“The global temperature record doesn’t demonstrate an upward trend. It doesn’t demonstrate a lack of upward trend either. Temperature readings today are about 0.75°C higher than they were when measurement began in 1880, but you can’t always slap a trendline onto a graph and declare, “See? It’s rising!” Often what you think is a pattern is actually just Brownian motion. When the global temperature record is tested against a hypothesis of random drift, the data fails to rule out the hypothesis. This doesn’t mean that there isn’t an upward trend, but it does mean that the global temperature record can be explained by simply assuming a random here

Climate Scientist Admits Model Projections Too High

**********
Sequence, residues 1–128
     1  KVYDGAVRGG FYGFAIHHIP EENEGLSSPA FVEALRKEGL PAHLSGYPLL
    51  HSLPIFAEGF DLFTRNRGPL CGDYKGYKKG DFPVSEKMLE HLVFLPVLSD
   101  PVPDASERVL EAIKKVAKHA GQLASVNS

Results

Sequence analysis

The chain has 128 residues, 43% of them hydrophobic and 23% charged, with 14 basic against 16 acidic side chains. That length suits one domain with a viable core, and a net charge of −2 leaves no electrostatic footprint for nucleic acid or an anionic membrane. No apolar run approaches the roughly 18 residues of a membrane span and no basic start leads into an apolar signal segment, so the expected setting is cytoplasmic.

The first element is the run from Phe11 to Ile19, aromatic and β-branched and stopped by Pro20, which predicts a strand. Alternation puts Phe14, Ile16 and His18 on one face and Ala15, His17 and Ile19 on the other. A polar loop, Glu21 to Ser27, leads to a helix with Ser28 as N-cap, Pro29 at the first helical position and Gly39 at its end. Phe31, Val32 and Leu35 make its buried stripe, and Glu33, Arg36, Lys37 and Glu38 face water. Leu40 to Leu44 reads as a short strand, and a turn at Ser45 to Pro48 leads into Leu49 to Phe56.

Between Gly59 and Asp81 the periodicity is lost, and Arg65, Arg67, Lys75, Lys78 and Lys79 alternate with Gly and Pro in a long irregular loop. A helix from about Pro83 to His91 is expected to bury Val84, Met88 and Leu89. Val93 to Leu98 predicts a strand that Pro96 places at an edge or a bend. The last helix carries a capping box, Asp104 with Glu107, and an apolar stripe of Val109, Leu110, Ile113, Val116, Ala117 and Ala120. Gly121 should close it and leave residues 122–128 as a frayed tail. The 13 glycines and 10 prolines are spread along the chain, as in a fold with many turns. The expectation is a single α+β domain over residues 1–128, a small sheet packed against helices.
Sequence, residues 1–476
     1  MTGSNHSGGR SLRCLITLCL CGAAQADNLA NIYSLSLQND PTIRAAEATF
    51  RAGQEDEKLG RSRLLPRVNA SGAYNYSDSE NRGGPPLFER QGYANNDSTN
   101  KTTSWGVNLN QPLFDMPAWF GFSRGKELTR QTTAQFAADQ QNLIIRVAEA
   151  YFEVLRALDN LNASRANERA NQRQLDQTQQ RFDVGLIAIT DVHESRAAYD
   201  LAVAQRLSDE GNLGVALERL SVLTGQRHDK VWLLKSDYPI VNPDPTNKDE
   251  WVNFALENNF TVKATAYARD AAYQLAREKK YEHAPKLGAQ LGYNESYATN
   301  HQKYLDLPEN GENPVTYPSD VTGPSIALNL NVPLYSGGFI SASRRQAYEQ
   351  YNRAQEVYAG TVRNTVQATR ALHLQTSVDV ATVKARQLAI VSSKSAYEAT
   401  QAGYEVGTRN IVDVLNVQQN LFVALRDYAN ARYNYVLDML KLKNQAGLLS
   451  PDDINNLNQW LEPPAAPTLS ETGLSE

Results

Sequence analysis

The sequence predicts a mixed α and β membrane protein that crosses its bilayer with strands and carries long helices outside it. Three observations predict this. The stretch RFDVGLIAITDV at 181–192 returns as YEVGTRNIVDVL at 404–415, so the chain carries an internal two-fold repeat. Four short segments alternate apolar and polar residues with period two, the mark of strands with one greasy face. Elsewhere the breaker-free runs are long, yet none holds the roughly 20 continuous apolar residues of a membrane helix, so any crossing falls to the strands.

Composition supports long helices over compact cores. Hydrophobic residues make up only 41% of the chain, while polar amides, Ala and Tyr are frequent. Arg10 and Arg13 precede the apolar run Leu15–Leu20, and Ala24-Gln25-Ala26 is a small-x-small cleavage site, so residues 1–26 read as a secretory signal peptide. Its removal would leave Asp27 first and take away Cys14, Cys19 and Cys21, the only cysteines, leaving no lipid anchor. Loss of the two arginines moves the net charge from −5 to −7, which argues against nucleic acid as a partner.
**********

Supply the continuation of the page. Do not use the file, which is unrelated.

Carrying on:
click here

Alarming Climate Model Predictions are Complete Nonsense, Speculations at Best

New studies reported by CNN (here) are simply off-target. Why? Because they are based on unreliable climate models that rely on representations, not physics. Consider the graph below where the speculations of over 100 model runs are compared to actual temperature measurements.

The Ministry of Climate Truth – Erasing the Satellite Data

Climate Change Science is Always in Question

The idea that a particular assertion of science cannot be questioned is absurd and undermines science itself. Questioning science is how science progresses. Question the science and let the card where they may…

“The Trump administration is debating whether to launch a governmentwide effort to question the science of climate change, an effort that critics say is an attempt to undermine the long-established consensus human activity is fueling the Earth’s rising temperatures.” click here